Tumor tissues are constituted by a dynamic diversity of malignant and non-malignant cells, which shape a puzzling biological ecosystem affecting cancer biology and response to treatments. Over the course of the tumoral disease, cancer cells acquire genotypic and phenotypic changes, allowing them to improve cellular fitness and overcome environmental and treatment constraints. This progression is depicted by an evolutionary process in which single cells expand as a result of an interaction between single-cell changes and the local microenvironment. Recent technological developments have made it possible to depict the development of cancer at the single-cell level, offering a novel method for understanding the biology of this complex disease. Here, we review those complex interactions from the perspective of single cells and introduce the concept of omics for single-cell studies. This review emphasizes the evolutionary dynamics that control cancer progression and the capacity of single cells to escape the local environment and colonize distant sites. We are assisting a rapid progression of studies carried out at the single-cell level, and we survey relevant single-cell technologies looking at multi-omics studies. These forefront approaches will address the combined contribution of both genetic and non-genetic factors to cancer progression and will pave the path for precision medicine in cancer.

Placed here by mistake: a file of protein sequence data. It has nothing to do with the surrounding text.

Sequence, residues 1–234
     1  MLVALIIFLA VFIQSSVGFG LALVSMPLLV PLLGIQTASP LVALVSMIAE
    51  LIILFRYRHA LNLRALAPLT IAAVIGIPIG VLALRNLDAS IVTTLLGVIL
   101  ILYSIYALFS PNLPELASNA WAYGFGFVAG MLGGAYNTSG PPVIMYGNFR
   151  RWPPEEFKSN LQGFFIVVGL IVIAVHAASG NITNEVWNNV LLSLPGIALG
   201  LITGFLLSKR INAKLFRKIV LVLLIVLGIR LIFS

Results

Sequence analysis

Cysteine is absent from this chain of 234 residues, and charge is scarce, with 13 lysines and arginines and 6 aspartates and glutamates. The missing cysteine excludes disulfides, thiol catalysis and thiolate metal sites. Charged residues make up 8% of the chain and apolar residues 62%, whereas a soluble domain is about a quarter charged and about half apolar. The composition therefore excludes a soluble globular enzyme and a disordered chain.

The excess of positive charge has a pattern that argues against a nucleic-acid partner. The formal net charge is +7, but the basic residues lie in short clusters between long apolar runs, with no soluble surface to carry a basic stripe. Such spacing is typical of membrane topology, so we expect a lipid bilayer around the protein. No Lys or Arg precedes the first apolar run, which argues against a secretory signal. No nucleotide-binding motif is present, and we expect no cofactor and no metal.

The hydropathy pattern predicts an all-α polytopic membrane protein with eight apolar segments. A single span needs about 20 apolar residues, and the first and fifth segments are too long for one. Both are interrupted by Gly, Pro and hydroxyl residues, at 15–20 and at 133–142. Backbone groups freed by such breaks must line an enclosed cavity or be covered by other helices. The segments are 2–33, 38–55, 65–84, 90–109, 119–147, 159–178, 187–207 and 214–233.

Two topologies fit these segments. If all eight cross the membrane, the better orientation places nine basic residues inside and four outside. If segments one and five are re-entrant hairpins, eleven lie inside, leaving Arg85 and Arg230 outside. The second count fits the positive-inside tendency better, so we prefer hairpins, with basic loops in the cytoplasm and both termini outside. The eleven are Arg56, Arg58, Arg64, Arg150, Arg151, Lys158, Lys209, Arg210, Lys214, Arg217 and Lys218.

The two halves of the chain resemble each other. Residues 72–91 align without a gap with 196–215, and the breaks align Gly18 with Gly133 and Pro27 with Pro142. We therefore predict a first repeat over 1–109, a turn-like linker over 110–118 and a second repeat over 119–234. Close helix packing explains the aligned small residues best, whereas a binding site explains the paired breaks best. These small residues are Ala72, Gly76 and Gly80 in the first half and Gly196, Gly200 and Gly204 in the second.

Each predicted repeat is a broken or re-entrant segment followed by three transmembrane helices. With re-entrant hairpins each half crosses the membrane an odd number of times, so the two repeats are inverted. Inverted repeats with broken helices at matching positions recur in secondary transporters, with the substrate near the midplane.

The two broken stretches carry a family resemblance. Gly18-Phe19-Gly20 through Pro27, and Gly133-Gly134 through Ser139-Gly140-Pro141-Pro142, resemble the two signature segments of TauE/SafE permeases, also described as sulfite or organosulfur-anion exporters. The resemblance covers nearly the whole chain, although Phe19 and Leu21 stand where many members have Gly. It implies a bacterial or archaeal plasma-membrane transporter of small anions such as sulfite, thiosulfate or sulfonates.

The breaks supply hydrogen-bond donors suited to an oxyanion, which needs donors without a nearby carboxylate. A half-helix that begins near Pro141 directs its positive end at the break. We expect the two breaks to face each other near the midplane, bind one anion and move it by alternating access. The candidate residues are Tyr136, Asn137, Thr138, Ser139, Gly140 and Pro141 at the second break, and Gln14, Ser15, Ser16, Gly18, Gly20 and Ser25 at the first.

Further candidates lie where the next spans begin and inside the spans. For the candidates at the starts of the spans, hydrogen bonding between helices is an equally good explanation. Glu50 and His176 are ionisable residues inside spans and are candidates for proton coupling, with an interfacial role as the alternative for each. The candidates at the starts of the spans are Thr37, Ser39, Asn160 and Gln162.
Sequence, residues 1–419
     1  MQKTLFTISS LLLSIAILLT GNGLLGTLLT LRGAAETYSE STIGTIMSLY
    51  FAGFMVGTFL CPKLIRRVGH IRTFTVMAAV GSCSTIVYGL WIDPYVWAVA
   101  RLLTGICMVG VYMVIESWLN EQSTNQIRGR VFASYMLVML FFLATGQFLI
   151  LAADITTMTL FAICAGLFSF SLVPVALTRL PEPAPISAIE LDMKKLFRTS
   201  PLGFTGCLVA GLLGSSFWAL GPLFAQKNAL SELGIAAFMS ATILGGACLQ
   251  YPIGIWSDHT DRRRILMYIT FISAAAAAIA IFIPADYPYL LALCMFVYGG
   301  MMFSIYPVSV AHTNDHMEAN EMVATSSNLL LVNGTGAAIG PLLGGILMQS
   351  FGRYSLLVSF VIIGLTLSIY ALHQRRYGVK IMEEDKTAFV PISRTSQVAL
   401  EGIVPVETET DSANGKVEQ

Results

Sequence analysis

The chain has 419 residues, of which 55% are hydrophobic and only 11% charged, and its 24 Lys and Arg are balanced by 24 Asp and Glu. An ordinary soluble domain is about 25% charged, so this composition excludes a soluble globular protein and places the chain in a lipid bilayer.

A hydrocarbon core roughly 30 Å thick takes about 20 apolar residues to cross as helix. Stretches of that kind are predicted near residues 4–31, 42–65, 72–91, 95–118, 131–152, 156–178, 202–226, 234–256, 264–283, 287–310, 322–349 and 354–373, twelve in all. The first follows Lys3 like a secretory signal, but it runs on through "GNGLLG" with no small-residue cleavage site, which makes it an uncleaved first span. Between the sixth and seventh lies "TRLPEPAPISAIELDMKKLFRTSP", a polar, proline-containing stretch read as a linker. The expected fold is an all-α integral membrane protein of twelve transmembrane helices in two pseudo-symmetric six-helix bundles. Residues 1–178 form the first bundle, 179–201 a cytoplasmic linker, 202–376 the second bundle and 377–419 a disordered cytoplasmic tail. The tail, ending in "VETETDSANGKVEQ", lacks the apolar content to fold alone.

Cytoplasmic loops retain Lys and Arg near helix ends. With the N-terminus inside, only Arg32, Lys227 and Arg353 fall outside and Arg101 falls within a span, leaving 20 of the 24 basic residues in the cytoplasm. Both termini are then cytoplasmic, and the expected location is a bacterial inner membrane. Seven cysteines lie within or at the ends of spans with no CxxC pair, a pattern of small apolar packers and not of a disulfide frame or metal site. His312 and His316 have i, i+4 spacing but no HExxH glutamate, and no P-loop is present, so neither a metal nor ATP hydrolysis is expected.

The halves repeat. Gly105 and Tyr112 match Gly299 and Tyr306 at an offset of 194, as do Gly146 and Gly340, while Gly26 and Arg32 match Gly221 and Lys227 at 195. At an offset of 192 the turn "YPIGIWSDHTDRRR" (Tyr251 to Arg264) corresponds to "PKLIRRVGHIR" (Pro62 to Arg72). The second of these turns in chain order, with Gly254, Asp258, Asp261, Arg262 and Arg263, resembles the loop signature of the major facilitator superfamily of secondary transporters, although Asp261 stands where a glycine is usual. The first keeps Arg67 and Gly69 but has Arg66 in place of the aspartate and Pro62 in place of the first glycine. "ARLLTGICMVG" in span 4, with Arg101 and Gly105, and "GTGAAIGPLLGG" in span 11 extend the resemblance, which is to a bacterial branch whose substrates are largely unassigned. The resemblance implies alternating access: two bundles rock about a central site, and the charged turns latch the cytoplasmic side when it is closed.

|Number of pages||27|
|Journal||European Review for Medical and Pharmacological Sciences|
|Publication status||Published - 1 Jun 2023|
- Tumor Microenvironment